Nate Anderson radiates the kind of innate charm and cool confidence that only a natural-born salesman could posses.

It's to be expected, considering that the 27-year-old Ohio native grew up in a family filled with charismatic entrepreneurs. The lanky redhead is also a genuinely easygoing cat, whose social rapport and smooth-talking swagger probably proved invaluable after he moved to Phoenix in 2005 and became a successful real estate broker who pulls in six figures. (Shelley Levene from Glengarry Glen Ross, he is not.) But after this career path proved to be emotionally unrewarding, however, Anderson dropped out of the property-pimping trade.

He's never looked back, however, especially after figuring out his true calling in life: getting musical instruments into the hands of students. In 2008, he created the non-profit Ear Candy to help subsidize and establish music education for local K-12 schools in need. (There's more than a few of those, as Arizona ranks near the bottom in the nation in arts funding).

As a lifelong gourmandizer of music, Anderson (who received eight years of childhood piano training and visits dozens of big-name concert festivals every year) combined this passion with his penchant for social entrepreneurism and began orchestrating fundraising shows and massive instrument drives across Phoenix. It's resulted in two straight years of frantic 16-hour work days, filled with soliciting donations and networking with record label executives, local politicians, venue owners, and chart-topping musicians.

Anderson's also recruited a variety of local bands, including Kinch and Black Carl, for Ear Candy events, both as a means of providing exposure, as well as an attempt to unify Phoenix's segmented (read: cliquish) music scene for a single cause. Best of all, the money and instruments collected go to the institutions in need throughout the Valley.

His hard work, silver tongue, and boundless connections have resulted in some sweet victories so far: He's collected and distributed more than 300 instruments in the past year alone (ranging from bass guitars to accordions), partnered with the likes of Eric Clapton and Jerry Riopelle, and booked popular indie act Harlem Shakes at an Ear Candy gig at Tempe's Sail Inn over the summer.

Anderson is confident Ear Candy's efforts will prove so successful that he'll eventually launch spin-offs in cities from Brooklyn to Boise, and maybe even around the world. Sounds pretty sweet, Nate.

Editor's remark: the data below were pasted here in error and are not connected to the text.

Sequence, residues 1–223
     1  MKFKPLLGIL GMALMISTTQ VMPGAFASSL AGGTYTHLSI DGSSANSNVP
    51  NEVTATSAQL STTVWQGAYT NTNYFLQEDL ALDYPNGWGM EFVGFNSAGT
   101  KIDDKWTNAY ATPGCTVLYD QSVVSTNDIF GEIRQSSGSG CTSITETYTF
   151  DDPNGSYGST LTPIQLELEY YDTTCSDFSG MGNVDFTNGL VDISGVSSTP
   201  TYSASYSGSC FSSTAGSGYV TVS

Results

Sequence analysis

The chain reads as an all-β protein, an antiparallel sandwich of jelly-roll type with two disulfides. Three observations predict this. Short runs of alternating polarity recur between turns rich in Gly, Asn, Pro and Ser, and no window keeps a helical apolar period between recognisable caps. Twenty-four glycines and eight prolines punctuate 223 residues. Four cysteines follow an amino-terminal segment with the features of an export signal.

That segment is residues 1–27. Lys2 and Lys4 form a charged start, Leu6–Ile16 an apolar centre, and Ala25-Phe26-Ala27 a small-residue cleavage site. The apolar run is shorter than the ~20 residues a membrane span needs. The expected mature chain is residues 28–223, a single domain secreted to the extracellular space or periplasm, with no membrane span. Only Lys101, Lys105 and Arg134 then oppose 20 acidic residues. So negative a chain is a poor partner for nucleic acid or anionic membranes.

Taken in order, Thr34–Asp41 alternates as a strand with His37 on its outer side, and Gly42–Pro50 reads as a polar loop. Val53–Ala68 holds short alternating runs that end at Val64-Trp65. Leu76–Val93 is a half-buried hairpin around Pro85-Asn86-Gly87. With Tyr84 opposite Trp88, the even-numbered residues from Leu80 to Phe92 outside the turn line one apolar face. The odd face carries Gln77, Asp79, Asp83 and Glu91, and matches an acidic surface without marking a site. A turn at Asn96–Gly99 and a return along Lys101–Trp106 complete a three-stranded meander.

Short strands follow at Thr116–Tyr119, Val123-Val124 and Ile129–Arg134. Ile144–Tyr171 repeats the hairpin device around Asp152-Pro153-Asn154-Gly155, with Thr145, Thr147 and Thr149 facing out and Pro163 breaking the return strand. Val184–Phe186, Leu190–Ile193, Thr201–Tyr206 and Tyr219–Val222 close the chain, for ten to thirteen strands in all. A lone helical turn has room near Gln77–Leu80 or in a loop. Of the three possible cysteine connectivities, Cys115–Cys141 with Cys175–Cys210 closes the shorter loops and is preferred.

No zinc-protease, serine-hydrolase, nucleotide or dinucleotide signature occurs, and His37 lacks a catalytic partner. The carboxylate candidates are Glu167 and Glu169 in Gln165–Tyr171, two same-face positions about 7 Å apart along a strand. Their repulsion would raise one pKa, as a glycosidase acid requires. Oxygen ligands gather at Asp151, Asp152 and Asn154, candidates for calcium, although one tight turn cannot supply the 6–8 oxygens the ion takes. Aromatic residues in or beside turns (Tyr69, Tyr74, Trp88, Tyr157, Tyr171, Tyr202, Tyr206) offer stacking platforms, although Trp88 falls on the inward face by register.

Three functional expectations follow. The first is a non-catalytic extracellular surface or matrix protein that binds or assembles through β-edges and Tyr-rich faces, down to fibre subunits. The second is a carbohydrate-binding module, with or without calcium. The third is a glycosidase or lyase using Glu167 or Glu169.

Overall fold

Best of Phoenix 2009 In Photos

Many years ago, we were driving home at night through the mildly mean streets of Phoenix when we noticed something you never saw back then in these parts. On a non-descript building on then-non-descript Roosevelt Street, we saw tiny, white holiday lights. And it wasnt even Christmas. We asked around, and learned that someone had opened a music space: Modified Arts. Then some crazy kids bought a building and called it eye lounge, setting the stage for the visual arts. Today, Modified and eye lounge have good company an entire neighborhood devoted to the arts: more music spaces, galleries, a record store, a bakery. As we type it, we are still shaking our heads in disbelief, but, yes, we have a bona fide arts district and it even has a funky name: Roosevelt Row. True, it doesnt quite stretch from 16th Street to Grand Avenue, as some claim, but from Seventh Street to Central Avenue, youve got a fabulous core of vibrant activity that spills over into neighboring streets and is starting to take off on days other than the first Friday of the month. Sometimes, dreams do come true and our hearts go out in gratitude to those who dared.

Best of Phoenix 2009 In Photos

If we were tacky, we'd give an award for "Best Place to Hold a Memorial Service," and the winner would be the Orpheum Theater. Restored to its glory, trimmed with gold and capped with a breathtaking deep blue, star-strewn ceiling, it's a great place to see a show and an even better place to remember a dreamer.

Fancy-pants elected officials and business types rose one Saturday this summer to honor Jack Pfister, who passed away after a lifetime of public service. They did a nice job. But we could have sat longer that Saturday afternoon; we would have liked to hear from those who saw another side — some would say pointless, others idealistic — of the former utility executive and regent.

Like Loretta Avent, who knew Pfister from their days together on the Harmony Alliance, a multicultural meeting of the minds that began in the early 1990s and drew folks to a different house of worship each week.

"He believed that every cause could be helped — and he helped everyone who came to him," says Avent. She should know; over the years she asked her friend for help with some sticky ones.

And no one mentioned our personal favorite memory of Pfister — the time he stood up to then-Governor J. Fife Symington and his staff during the Project SLIM (State Long-Term Improved Management) scandal. He surely lost friends over that one. No matter. Jack Pfister's real friends packed the Orpheum this summer to remember a man who dared to dream and in so doing, touched many people — and a city.

Best of Phoenix 2009 In Photos

Best Of Phoenix®

Best Of